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Thomas v. United States

United States District Court, D. Maryland

February 5, 2019

LENDRO MICHAEL THOMAS Petitioner,
v.
UNITED STATES OF AMERICA, Respondent.

          MEMORANDUM

          Ellen L. Hollander United States District Judge.

         Lendro Thomas, Petitioner, filed a petition under 28 U.S.C. § 2255(f)(3). ECF 178. The government opposes the Petition. ECF 180. Thomas did not reply.

         No hearing is necessary to resolve the Petition. See 28 U.S.C. § 2255(b). For the reasons that follow, I shall dismiss the Petition, without prejudice.

         I. Background

         On June 16, 2004, a jury in the District of Maryland convicted Thomas of the following offenses: possession with intent to distribute cocaine and heroin, in violation of 21 U.S.C. § 841(a)(1); distribution of heroin, in violation of 21 U.S.C. § 841(a)(1); possession of a firearm in furtherance of a drug trafficking crime, in violation of 18 U.S.C. § 924(c); and felon in possession of a firearm and ammunition, in violation of 18 U.S.C. § 922(g).

         Sentencing was held on April 29, 2005. See Docket. Judge J. Frederick Motz, to whom the case was then assigned, [1] determined that Petitioner's two prior Maryland convictions for robbery with a deadly weapon, one in 1983 and the other in 1992, qualified as crimes of violence for purposes of the career offender provisions of the United States Sentencing Guidelines (“U.S.S.G.”). Judge Motz sentenced Thomas to concurrent terms of 144 months' imprisonment as to Counts One, Two, and Four, and to a mandatory, consecutive term of 60 months imprisonment as to Count Three, for a total sentence of 204 months (17 years) imprisonment. ECF 61 (Judgment).

         On direct appeal, Thomas argued, inter alia, that the district court erred in sentencing him as a career offender. The Fourth Circuit disagreed and upheld Petitioner's convictions and sentence. United States v. Thomas, 189 Fed.Appx. 219, 225 (4th Cir. 2006) (per curiam).

         Petitioner filed a motion to vacate under 28 U.S.C. § 2255 on October 9, 2007 (ECF 78), supported by a memorandum of law. ECF 79.[2] By Memorandum and Order of April 30, 2008, Judge Motz denied that motion, and granted a Certificate of Appealability. ECF 92. On January 5, 2009, the United States Court of Appeal for the Fourth Circuit affirmed the District Court. ECF 93; see United States v. Thomas, 305 Fed. App'x 960 (4th Cir. 2009).

         Then, on May 2, 2011, Thomas filed another motion to vacate, pursuant to 28 U.S.C. § 2255. ECF 109. In a Memorandum and Order of May 16, 2011, Judge Motz denied the petition as an unauthorized successive petition. ECF 110; ECF 111. Thomas moved for a Certificate of Appealability. ECF 115. By Order of June 21, 2011, Judge Motz denied that motion. ECF 116.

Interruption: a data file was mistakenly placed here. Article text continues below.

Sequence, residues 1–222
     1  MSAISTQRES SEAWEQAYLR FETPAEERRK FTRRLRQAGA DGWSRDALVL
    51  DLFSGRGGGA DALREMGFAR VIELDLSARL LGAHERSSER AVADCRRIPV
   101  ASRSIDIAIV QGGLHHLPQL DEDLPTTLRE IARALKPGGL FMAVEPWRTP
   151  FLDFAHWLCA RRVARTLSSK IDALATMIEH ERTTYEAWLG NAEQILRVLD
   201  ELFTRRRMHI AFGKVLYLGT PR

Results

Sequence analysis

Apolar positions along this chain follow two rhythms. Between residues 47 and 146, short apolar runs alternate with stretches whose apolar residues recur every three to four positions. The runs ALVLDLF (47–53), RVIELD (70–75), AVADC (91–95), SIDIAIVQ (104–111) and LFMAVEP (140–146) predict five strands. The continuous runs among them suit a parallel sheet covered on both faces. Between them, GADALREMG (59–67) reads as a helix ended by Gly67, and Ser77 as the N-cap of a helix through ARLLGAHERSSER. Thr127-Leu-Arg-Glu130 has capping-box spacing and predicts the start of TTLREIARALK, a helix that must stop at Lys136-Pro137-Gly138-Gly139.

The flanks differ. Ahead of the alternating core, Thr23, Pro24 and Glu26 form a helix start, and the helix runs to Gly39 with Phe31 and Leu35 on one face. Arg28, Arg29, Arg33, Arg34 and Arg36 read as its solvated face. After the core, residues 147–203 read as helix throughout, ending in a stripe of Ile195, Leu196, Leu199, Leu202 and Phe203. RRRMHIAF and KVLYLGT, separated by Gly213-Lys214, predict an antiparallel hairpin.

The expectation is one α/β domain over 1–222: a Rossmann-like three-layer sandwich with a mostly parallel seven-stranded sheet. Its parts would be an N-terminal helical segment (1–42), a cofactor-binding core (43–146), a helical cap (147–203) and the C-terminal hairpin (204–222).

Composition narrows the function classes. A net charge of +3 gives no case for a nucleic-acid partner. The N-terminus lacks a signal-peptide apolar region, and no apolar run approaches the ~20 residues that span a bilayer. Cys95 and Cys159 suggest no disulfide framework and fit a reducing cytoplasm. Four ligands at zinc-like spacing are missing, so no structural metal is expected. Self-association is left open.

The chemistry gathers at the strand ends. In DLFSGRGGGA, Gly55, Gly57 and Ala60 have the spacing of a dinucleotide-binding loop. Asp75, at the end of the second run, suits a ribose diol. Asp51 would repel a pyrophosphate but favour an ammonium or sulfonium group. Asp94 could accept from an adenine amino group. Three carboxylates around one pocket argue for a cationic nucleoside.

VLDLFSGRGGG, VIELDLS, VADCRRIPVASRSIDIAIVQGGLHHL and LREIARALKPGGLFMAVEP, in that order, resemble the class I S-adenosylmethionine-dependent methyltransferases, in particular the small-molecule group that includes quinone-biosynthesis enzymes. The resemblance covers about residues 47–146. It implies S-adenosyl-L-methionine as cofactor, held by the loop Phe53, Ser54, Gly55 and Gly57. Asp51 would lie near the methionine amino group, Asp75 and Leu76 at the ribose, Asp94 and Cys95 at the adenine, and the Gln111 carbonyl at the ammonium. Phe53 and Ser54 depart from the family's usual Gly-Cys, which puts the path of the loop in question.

Thomas noted an appeal to the Fourth Circuit. ECF 112. And, by judgment of October 5, 2011, the Fourth Circuit denied the Certificate of Appealability and dismissed the appeal. ECF 119; see United States v. Thomas, 448 Fed. App'x 410 (4th Cir. 2011).

         On March 20, 2014, Petitioner filed yet another § 2255 petition. ECF 155. He challenged the career offender level used to sentence him, claiming that his 1983 Maryland conviction for robbery with a deadly weapon was improperly used as a predicate offense for enhancement of his federal sentence under the career offender guidelines. To support his claim that his sentence should be vacated and that he should be resentenced without the career offender enhancement, Petitioner relied on the Supreme Court's decision in Descamps v. United States, 570 U.S. 254 (2013). By Memorandum and Order of March 31, 2014, Judge Motz dismissed Petitioner's § 2255 petition without prejudice, based on Petitioner's failure to comply with the procedural conditions set out by 28 U.S.C. § 2244 for a second or successive § 2255 petition. ECF 156; ECF 157. Judge Motz also declined to issue a certificate of appealability.

         Petitioner filed a fifth § 2255 motion on June 21, 2016. ECF 170. He supplemented it on July 12, 2016. ECF 171. That motion was dismissed upon request of defense counsel on February 26, 2018. ECF 172; ECF 173.

         On August 27, 2018, Petitioner filed a pro se Motion to Correct Sentence Pursuant to 28 U.S.C. § 2255 (ECF 178), which is now pending. He again challenges the validity of his sentence, asserting that his Maryland conviction for robbery with a deadly weapon was improperly used as a predicate crime of violence for purposes of the career offender enhancement. Id.

         Thomas contends that he is entitled to relief pursuant to the Supreme Court's decisions in Johnson v. United States, 135 S.Ct. 2551 (2015), and Sessions v. Dimaya, 138 S.Ct. 1204 (2018). According to Thomas, his conviction in 1983 under former Article 27, § 488 of the Maryland Annotated Code, for robbery with a deadly weapon, was rendered ineligible for sentencing enhancement purposes because Johnson and Dimaya invalidated the ...


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